SSI also supplies retrofit kits that contain all the equipment necessary for switching an existing ceramic diffuser system to a membrane diffuser system. So plant managers can rest easy knowing that nothing will be overlooked. To retrofit your existing ceramic system, SSI would examine the existing infrastructure using an in-depth checklist. Technicians would flag any potential issues and discuss solutions, and they would work with contractors and staff to train them on proper installation techniques and maintenance procedures.
To retrofit the old system, technicians would dewater and clean the tank and remove the old diffusers. They would install the membrane diffusers and new piping as necessary. They would also replace or upgrade the air filtration system as needed.
Often, the existing blowers can work with the new system. A plant would need to consider its current pipe installation and think about installing new piping to maximize the efficiency of the new rubber membrane diffusers. Sometimes new pipes can be installed at the same level as the old pipes. At other times, they may be installed higher off the floor to compensate for the higher headloss that may accompany the new rubber diffuser membranes.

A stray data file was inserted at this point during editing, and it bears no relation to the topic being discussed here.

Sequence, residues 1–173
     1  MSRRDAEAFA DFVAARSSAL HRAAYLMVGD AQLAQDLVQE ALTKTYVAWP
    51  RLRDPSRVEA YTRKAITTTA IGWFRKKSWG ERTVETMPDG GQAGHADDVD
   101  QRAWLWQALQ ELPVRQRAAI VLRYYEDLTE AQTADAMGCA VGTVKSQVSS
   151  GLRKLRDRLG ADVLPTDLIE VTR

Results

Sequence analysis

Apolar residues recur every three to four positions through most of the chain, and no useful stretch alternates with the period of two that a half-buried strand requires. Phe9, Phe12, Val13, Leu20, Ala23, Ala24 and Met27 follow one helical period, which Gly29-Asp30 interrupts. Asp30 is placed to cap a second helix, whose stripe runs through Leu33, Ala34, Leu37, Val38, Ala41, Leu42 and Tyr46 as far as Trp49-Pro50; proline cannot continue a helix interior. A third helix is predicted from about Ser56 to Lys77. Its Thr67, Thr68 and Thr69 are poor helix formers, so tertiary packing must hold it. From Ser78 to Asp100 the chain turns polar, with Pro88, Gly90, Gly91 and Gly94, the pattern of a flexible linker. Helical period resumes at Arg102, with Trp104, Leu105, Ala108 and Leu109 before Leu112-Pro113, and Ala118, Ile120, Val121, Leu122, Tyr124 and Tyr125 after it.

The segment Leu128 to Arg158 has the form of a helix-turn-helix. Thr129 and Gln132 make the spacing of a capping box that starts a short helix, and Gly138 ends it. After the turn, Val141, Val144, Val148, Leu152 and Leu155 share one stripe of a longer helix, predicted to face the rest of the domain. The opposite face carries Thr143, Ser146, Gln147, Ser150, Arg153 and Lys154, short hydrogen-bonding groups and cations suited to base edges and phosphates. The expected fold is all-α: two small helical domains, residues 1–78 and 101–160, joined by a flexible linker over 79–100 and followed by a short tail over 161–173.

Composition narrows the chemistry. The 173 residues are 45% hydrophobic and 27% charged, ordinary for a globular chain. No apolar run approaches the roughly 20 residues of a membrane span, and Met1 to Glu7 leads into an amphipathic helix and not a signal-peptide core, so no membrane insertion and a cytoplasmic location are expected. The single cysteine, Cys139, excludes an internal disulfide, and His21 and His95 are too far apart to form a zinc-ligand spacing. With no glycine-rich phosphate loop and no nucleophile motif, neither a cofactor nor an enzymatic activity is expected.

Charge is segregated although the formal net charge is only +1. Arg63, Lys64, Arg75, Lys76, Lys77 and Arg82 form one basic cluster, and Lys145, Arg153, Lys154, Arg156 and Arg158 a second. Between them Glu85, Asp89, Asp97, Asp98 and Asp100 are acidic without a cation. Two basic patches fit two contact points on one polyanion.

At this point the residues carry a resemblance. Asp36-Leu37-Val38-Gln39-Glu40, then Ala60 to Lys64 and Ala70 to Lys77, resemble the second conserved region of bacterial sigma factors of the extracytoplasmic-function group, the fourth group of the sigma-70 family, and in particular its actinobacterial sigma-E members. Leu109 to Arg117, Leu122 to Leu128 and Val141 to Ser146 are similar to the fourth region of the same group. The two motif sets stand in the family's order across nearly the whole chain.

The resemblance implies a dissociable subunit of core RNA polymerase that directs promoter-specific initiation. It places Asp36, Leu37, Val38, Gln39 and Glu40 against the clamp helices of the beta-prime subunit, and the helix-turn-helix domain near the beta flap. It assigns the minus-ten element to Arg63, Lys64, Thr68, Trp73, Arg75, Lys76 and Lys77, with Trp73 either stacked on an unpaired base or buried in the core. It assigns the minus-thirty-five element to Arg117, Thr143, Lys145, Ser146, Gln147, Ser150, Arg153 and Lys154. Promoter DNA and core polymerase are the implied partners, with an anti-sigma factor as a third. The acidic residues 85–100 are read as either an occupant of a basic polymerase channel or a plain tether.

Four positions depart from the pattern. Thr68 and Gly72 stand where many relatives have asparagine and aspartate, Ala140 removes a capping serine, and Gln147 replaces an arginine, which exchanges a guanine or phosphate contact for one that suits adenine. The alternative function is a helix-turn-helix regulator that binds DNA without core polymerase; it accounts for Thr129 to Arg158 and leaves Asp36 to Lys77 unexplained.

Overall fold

The cities of Phoenix and Los Angeles recently retrofitted their existing systems to replace ceramic diffusers with rubber membrane diffusers. These successful operations show that retrofitting with rubber membrane diffusers can be an excellent option for modernizing a wastewater aeration system.
Retrofit Your Aeration System With SSI Aeration
SSI’s global service network is ready to assist you with retrofitting your existing aeration system with rubber diffuser membranes for superior performance. Contact us today.
Mr. Frankel co-founded SSI in 1995 with experience in design and distribution of engineered systems. He is in charge of sales, marketing and operations in the company. Mr. Frankel holds multiple US patents related to diffusers. He is a graduate of Washington University in St. Louis.